June 6, 2024 10:15–15:00 CEST

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COMSOL Day: Fluid Flow & Chemical Transport

See what is possible with multiphysics modeling

Modeling and simulation (M&S) has become an important method for fostering new ideas and designing and optimizing processes and devices in areas such as environmental technology and the chemical, food, and pharmaceutical industries. The study of transport and reaction phenomena is also relevant in the automotive and aerospace industries.

COMSOL Multiphysics® and its add-on products have become very popular in the modeling of fluid flow, chemical species transport and reactions, porous media flow, and nonisothermal reacting flow. In addition to modeling capabilities for laminar, turbulent, and multiphase reacting flows, COMSOL® features multiphysics capabilities for describing fluid–structure interaction, electrokinetic flows, and other phenomena coupled with reacting flow.

Join us for this COMSOL Day to learn more about COMSOL Multiphysics® and its add-ons for modeling transport and reaction phenomena.



COMSOL Multiphysics® and its add-on CFD Module and Chemical Reaction Engineering Module are highly versatile when it comes to modeling and simulation involving fluid flow with chemical species transport and reactions in industries such as the bulk chemicals, specialty chemicals, pharmaceutical, biochem, consumer products, environmental tech, and petrochemical industries. The software's capabilities cover laminar and turbulent flow, multiphase flow, and nonisothermal reacting flows.

In addition to its wide range of capabilities for reacting flow, the software features unique multiphysics modeling functionality for coupling reacting flow with rotating machinery; electric fields in electrochemical cells and electrophoretic separation; as well as conjugate heat transfer with solids, fluids, and porous media. Using the Application Builder, it is also possible for modeling and simulation specialists to create simulations apps with user interfaces specialized for specific purposes, making the benefits of simulation available to a larger community of engineers and scientists within an organization.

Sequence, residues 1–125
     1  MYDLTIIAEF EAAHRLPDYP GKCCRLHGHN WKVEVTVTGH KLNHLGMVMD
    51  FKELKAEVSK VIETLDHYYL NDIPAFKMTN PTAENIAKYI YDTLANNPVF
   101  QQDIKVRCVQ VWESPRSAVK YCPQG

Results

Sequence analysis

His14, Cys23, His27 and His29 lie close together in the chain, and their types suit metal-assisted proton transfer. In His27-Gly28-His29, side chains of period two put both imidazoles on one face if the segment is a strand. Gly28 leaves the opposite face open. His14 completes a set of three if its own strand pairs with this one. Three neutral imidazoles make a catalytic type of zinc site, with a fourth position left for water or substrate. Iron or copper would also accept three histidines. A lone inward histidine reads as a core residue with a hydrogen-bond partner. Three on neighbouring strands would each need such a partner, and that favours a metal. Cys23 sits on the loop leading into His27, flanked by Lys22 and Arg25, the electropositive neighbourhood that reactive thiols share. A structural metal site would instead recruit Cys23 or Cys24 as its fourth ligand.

Join us in this session to get an executive overview of the content of this COMSOL Day. We will introduce you to the functionality in COMSOL Multiphysics® for modeling fluid flow, transport of chemical species, reaction kinetics and thermodynamics, separation, mixing, multiphase flow, polymer flow, porous media flow, and heat transfer. We will also show how users have benefited from simulation apps and implementing the COMSOL® software into their processes.

Parallel Session
Turbulent Flow

The study of the impact of turbulent flows on the design of processes and devices is efficiently done using CFD. The use of COMSOL Multiphysics® and the CFD Module has become popular for these types of modeling and simulation studies.

The CFD Module features a wide range of turbulence models (9 Reynolds-averaged Navier–Stokes, or RANS, turbulence model interfaces), from the simpler algebraic models such as the algebraic yPlus model to the more advanced SST and v2-f turbulence models. In addition, the CFD Module also includes several large eddy simulation (LES) and detached eddy simulation (DES) models. All of the modeling interfaces for turbulent flow can also be coupled with other phenomena to describe fluid–structure interaction, rotating machinery, and nonisothermal flow with conjugate heat transfer, to name a few examples.

Join us in this session to get an overview of the capabilities of the CFD Module for modeling turbulent single-phase and multiphase flow.

Reacting Flow & Reaction Kinetics

As numerical methods and computers have become more powerful, modeling of transport and reactions has trickled down from large companies' R&D departments and national labs to almost every company and organization working with reacting systems. The Chemical Reaction Engineering Module and CFD Module, add-ons to COMSOL Multiphysics®, are widely used for analyzing reaction kinetics, thermodynamics, and reacting flows in chemical reactors, catalysts, sensors, devices for chemical analysis, and other related processes.

The modeling features provided in COMSOL® include multicomponent transport in dilute and concentrated solutions as well as reacting laminar and turbulent flows. Reaction systems can be defined simply by typing in chemical equations; the corresponding space- and time-dependent material, energy, and momentum equations are then automatically generated. This approach renders the modeling of reacting flows both uniquely efficient and user-friendly. The Chemical Reaction Engineering Module also features an extensive thermodynamics database for computing heat of reactions as well as other thermodynamic properties of liquids and gases.

Join us in this session to get an overview of the features in COMSOL® for modeling and simulating chemical reaction kinetics and reacting flows. We will discuss how to set up a model, starting with the entry of chemical equations, followed by the generation of space- and time-dependent models.

Parallel Session
Heat Transfer

COMSOL Multiphysics® and its add-ons are widely used for understanding and designing processes and devices involving fluid flow and heat transfer. The Heat Transfer Module together with the Chemical Reaction Engineering Module is able to describe laminar and turbulent reacting flows in combination with conjugate heat transfer between solids and fluids. Heat transfer through radiation can be accounted for using surface-to-surface and surface-to-ambient methods as well as methods for heat transfer in participating media.

COMSOL® also includes unique capabilities for seamlessly coupling nonisothermal flow with conjugate heat transfer and radiation with other phenomena, such as Joule heating; thermoelectric effects (Seebeck effect, Peltier effect, and Thomson effect); and fluid–structure interaction.

Join us in this session to learn more about the features and functionality in COMSOL Multiphysics® for modeling heat transfer in fluids and solids in combination with reacting flows.

Reacting Flow in Porous Media